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Naveris, Mayo Clinic Begin Trial of Circulating Tumor DNA Test in Head and Neck Cancer

NEW YORK – Naveris said Wednesday that Mayo Clinic began a Phase II trial of its circulating tumor DNA blood test, NavDx, to guide treatment for patients with HPV-driven head and neck cancer.

The NavDx test can detect tumor tissue-modified HPV DNA and distinguish it from noncancerous sources of HPV DNA. Waltham, Massachusetts-based Naveris markets it for identification and stratification of patients for adjuvant or follow-on chemotherapy and radiation, and for detection of molecular residual disease following treatment.

Building on results from the previously reported Phase III MC1675 DART trial, the Dart 2.0 trial will evaluate the use of NavDx to select the intensity of treatment for patients with HPV-driven head and neck cancer to optimize the efficacy of treatment while minimizing cancer recurrence and side effects. In the MC1675 DART trial, researchers found that molecular residual disease was a significant risk factor for cancer recurrence and was strongly associated with shorter progression-free survival.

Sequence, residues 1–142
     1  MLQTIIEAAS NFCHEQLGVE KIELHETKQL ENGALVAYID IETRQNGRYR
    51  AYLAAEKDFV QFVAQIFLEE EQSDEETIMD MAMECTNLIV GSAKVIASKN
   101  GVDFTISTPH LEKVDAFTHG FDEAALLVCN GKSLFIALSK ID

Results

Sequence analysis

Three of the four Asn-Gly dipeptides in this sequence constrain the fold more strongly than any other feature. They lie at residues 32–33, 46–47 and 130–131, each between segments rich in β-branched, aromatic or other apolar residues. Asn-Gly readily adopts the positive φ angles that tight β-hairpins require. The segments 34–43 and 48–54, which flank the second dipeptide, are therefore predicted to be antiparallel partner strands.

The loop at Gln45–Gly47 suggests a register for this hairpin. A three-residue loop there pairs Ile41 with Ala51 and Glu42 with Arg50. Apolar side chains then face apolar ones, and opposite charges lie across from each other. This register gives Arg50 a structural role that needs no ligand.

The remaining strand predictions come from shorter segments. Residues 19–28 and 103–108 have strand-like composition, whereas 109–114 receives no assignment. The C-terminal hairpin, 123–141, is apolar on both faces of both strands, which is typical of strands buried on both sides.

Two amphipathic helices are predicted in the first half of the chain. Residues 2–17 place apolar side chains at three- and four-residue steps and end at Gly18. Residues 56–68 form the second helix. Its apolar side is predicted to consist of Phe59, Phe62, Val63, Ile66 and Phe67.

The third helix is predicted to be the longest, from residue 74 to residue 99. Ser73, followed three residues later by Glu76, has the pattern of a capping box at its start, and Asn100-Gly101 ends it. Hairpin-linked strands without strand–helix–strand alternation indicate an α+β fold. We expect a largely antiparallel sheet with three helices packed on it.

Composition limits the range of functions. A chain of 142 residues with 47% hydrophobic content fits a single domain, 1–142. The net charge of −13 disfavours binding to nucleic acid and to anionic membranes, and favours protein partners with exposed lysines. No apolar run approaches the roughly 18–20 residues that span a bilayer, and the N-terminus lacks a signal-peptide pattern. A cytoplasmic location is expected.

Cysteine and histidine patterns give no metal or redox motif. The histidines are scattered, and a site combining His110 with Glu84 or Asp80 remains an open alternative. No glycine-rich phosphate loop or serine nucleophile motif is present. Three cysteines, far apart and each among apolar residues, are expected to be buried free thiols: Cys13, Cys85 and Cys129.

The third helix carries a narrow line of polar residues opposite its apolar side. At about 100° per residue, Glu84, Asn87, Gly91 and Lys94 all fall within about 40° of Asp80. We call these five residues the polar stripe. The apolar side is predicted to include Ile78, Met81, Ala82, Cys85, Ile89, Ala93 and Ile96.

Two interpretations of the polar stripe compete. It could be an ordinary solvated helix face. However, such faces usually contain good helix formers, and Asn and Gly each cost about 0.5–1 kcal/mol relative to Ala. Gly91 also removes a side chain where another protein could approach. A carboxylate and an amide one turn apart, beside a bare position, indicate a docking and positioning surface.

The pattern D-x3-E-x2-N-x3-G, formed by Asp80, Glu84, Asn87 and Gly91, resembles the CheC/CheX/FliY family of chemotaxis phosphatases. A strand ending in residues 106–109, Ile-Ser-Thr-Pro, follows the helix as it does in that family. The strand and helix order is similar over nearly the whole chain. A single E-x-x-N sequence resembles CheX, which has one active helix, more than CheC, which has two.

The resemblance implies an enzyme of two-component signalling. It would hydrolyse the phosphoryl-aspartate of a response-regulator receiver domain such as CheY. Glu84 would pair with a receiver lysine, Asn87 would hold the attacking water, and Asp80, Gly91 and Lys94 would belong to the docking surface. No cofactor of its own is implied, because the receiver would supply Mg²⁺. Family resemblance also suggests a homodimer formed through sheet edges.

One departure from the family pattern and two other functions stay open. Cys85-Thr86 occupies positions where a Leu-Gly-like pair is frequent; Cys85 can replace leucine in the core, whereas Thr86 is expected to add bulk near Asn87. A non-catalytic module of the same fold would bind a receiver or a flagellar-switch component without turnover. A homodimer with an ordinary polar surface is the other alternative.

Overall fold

"This trial will build upon the validation of NavDx as a valuable tool for assessing the risk of post-treatment cancer recurrence in these patients, enabling earlier detection of recurrence and application of therapeutic interventions," Naveris Chief Medical Officer Barry Berger said in a statement. 

NavDx was developed by researchers at the University of North Carolina. It uses digital PCR to detect tumor-modified HPV DNA. In a study involving 115 patients by the UNC investigators, the test was 99 percent accurate in identifying patients who would remain cancer-free during the study, with 94 percent sensitivity in identifying early recurrences.

The company is now exploring potential paths for expanding the use of its test in a number of research studies.